Without these hair-friendly hormones, your tresses take a hit. As a result, the hair can become weaker and might eventually be shed. In some cases, the hair fall is a lot more visible and extreme than others and boosting your hair wellness becomes an immediate concern!
How Can I Tell If It’s Cortisol Hair Loss?
Both stress and hair loss are complex. At any given moment life stress might be impacting your hair’s health, but there are likely other stressors acting on your follicular function too: environmental factors, the hair products you use, medications you take and your diet, to name just a few. Hair health is a multifaceted concern.
Most often when people think of stress-related hair loss they think of telogen effluvium (or TE), a form of hair loss that is most often tied to a specific and very impactful experience that hits the body hard: severe illness, a death in the family, or a new birth control, for example. Cortisol plays a role here, “elevated cortisol levels disrupt the hair cycle and accelerate the resting phase, causing telogen effluvium,” shared Dr. Ilyas.
But that’s not the only way cortisol can cause hair shedding. “If elevated cortisol levels impair the production of sex hormones by the adrenal glands, the result can be androgenetic alopecia,” added Dr. Ilyas. Androgenetic alopecia is a hormone-driven form of hair loss that is also commonly known as male or female pattern hair loss.
“And, lastly, with cortisol’s effect on the immune system, the potential for alopecia areata is also possible,” explained Dr. Ilyas. Alopecia areata is a patchy form of hair loss that is associated with autoimmune dysfunction and might also be caused by other autoimmune diseases like lupus.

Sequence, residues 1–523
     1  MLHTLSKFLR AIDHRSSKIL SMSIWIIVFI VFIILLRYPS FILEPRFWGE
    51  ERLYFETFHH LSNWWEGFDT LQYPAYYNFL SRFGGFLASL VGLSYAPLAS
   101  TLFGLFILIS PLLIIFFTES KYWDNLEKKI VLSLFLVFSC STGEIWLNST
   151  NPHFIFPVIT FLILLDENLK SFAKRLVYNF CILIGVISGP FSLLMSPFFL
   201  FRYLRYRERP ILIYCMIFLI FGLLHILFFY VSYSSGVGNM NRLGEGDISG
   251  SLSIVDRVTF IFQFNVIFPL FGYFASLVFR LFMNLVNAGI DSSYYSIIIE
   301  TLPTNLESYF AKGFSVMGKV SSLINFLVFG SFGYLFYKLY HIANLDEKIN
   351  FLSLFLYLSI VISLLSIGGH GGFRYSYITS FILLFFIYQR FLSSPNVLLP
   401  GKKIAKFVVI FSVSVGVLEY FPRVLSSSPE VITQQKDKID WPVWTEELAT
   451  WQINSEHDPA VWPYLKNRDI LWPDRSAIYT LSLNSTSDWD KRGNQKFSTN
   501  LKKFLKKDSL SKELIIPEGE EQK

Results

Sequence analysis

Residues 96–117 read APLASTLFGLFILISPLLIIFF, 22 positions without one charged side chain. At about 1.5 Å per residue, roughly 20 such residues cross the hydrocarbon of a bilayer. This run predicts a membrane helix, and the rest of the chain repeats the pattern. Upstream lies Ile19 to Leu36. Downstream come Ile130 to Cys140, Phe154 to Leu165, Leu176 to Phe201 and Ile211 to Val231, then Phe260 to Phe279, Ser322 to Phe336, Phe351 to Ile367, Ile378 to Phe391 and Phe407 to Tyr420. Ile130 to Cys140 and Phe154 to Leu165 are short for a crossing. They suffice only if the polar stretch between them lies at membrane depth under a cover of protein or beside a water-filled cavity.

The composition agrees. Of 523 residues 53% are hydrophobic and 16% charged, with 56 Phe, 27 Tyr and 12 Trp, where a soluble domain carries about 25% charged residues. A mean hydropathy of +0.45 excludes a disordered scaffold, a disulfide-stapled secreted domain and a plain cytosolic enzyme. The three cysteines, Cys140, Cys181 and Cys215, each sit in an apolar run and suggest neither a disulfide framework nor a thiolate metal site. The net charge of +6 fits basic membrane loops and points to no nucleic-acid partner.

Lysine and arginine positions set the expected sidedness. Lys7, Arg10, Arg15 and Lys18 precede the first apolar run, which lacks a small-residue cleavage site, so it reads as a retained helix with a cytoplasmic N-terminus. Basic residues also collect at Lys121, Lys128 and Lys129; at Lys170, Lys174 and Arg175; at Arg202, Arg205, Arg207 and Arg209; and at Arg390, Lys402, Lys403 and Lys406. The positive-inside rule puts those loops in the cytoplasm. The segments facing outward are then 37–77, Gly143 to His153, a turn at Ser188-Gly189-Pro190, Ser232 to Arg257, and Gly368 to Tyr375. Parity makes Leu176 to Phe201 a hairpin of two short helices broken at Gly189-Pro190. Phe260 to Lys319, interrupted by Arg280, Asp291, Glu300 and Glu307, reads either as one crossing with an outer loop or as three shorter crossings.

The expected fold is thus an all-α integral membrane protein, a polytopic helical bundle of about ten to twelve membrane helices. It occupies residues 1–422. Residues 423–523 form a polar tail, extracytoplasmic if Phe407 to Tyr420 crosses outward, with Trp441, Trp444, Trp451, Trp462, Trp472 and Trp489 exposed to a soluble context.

Since sustained high cortisol levels can impact your hair growth and your overall health in several ways, it's important to consult with a doctor so they can properly diagnose and treat you. “An evaluation and diagnosis by your dermatologist of the pattern and type of hair loss is important to direct therapy more effectively,” advised Dr. Ilyas.
How Can I Reduce Stress Levels?
Severe stress can have some unpleasant compounding effects on the body. “I routinely counsel patients, the stress of hair loss leads to more hair loss,” shared Dr. Ilyas.
So if you’re experiencing hair loss related to stress, take a deep breath and know that there are many ways for you to tackle stress and mitigate the impacts cortisol is having on your hair health. The really good news is that reducing stress will have whole-body and mind benefits beyond just your follicles!
One thing you might consider trying is our GRO+ Advanced Gummies, which boast the soothing benefits of full-spectrum CBD (shown to reduce cortisol levels in the body) along with hair-loving vitamins like biotin, zinc and others to help restore hair impacted by high stress levels.
Other things that are proven to reduce stress include laughter, exercise, practicing mindfulness, meditation, and getting at least eight hours of sleep each night.
Thanks to the global pandemic are all having a love-hate relationship with cortisol right now. Chronic stress can impact your hair health and wellness in a variety of ways, but the good news is that by actively managing stress and engaging in a little extra TLC for your locks you can restore fuller, thicker and healthier looking hair.
Additional members of Team VEGAMOUR contributed to the reporting for this article.